After Doug Collins, some coaching options for the 76ers

Jayne Kamin-Oncea-US PRESSWIRE

Doug Collins is reportedly leaving his post as coach of the Philadelphia 76ers when this season mercifully ends. Who's got next?

The Doug Collins Rule remains in effect: if you hire Doug Collins, you will be hiring a new coach after three seasons. The Philadelphia 76ers will reportedly begin that process quite soon, as Collins is prepared to step away when this season mercifully ends this week. Collins will undoubtedly head back to TNT, where he is an excellent analyst. But the question is what Philly will do next.

Here are some options.

* Mike Brown. With Jrue Holiday and Thaddeus Young, this should be a strong defensive team. Brown is a defense-first coach. But more importantly, Andrew Bynum's best season (2011-12) came under Brown's watch. Given that the rest of Bynum's career was spent under Phil Jackson (minus one year with Rudy T.), that's pretty important ... if the Philly front office believes keeping Bynum is viable.

* Mike Budenholzer. I will mention Bud for every single job opening until he lands one. Gregg Popovich's right-hand man should have had a gig years ago.

* Elston Turner. Turner's never been a head coach, but had a decade under Rick Adelman to learn the flex and motion offenses and likes to challenge his guards to defend well. With or without Bynum, the roster could be a good fit for Turner to get his first chance in the lead chair.

* Brian Shaw. Shaw's case is similar to that of Turner (replace Adelman with Phil Jackson), but with the added bonus of having worked with Bynum for a number of years in Los Angeles.

* Nate McMillan. Nate's going to get mentioned for every single job opening. I don't think this is the best fit for him -- I'd like to see him in Cleveland -- but he'd be among the best candidates because he's a damn good coach.

* Kelvin Sampson. Sampson did a fine job running the Rockets while Kevin McHale dealt with a family tragedy early in the season. His experience running major college programs would be helpful if he were to take over a fairly young squad.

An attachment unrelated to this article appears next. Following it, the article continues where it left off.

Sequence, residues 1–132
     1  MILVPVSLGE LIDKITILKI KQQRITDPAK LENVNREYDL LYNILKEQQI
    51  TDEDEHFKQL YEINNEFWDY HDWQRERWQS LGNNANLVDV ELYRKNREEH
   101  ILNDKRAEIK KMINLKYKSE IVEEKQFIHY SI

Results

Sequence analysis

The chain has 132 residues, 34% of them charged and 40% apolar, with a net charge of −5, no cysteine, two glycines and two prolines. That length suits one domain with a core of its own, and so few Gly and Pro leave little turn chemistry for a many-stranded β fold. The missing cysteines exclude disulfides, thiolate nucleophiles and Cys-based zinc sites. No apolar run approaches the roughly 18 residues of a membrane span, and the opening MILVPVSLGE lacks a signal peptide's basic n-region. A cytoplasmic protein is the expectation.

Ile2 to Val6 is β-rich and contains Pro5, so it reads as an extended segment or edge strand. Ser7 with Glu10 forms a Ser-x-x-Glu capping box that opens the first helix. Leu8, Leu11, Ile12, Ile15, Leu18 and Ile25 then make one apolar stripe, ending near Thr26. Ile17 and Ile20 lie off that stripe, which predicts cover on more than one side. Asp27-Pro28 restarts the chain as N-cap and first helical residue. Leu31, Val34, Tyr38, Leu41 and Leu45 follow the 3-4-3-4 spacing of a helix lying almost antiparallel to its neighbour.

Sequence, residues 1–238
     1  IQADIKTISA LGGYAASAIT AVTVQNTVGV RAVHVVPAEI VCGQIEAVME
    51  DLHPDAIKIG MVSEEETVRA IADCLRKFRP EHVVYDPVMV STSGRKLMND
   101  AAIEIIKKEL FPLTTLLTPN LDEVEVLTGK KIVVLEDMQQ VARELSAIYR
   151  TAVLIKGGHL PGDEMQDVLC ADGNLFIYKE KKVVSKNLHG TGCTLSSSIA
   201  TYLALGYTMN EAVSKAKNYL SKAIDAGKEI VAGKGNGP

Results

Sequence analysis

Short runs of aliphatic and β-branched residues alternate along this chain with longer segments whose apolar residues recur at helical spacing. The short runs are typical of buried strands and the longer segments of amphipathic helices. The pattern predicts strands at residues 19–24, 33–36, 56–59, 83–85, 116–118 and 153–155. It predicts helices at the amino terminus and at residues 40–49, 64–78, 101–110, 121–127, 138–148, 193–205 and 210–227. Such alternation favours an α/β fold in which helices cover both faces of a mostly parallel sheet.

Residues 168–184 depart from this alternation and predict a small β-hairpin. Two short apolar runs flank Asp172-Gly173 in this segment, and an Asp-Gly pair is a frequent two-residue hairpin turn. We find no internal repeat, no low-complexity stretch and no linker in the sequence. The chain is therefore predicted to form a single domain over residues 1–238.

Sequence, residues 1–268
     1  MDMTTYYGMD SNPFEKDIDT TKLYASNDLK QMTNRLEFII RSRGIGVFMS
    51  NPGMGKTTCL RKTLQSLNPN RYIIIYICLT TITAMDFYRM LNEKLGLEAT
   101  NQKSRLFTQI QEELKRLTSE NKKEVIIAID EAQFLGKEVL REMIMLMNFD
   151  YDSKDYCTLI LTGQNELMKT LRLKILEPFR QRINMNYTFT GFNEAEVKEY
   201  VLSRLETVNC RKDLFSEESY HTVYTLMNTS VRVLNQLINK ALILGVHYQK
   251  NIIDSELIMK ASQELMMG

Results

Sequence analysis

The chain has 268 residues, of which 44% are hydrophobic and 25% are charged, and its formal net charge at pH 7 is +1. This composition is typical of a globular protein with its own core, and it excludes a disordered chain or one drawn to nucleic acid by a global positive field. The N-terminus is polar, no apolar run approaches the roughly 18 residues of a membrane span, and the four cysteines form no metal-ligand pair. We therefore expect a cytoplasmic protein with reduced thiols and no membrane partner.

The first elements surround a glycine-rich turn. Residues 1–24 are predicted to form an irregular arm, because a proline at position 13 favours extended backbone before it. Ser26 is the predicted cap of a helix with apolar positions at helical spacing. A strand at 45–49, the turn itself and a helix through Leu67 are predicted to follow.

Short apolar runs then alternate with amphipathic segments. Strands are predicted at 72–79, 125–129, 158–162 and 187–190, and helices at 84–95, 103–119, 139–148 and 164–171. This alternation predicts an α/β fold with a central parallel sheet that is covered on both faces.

* Lionel Hollins. If Hollins doesn't survive in Memphis -- a toss-up, in my opinion -- he should land a new job immediately. There's no reason that couldn't be Philly, though the irony in replacing one coach that bristled at analytics with another is amusing.

* Mike Malone. Another one of the top never-been-a-head-coach candidates who will get lots of interviews this offseason. Mark Jackson's lead assistant should get an extra boost from the Warriors' vast improvement this year. He deserves a look in all towns.

I didn't mention Phil Jackson because, come on, let's be serious. Jeff Van Gundy needs more than I suspect the Sixers will pay. Stan Van Gundy wouldn't touch it unless the Sixers absolutely guaranteed that Bynum wasn't coming back. And I'm trying to avoid certain members of the carousel -- Avery Johnson, Flip Saunders -- because I'm not sure anyone wants to see those guys back in the league so soon.

More from SB Nation:

Flannery: Welcome back, Deron Williams

Let the overhyping of Ben McLemore begin

Pau Gasol flexed his skills Tuesday

Rudy Gay and the credibility of a 30-48 team

Maloofs would accept Sacramento's offer

How a 29-year-old rookie made it to the NBA

Log In Sign Up

Log In Sign Up

Forgot password?

We'll email you a reset link.

If you signed up using a 3rd party account like Facebook or Twitter, please login with it instead.

Forgot password?

Try another email?

Almost done,

By becoming a registered user, you are also agreeing to our Terms and confirming that you have read our Privacy Policy.


You must be a member of to participate.

We have our own Community Guidelines at You should read them.


You must be a member of to participate.

We have our own Community Guidelines at You should read them.




Choose an available username to complete sign up.

In order to provide our users with a better overall experience, we ask for more information from Facebook when using it to login so that we can learn more about our audience and provide you with the best possible experience. We do not store specific user data and the sharing of it is not required to login with Facebook.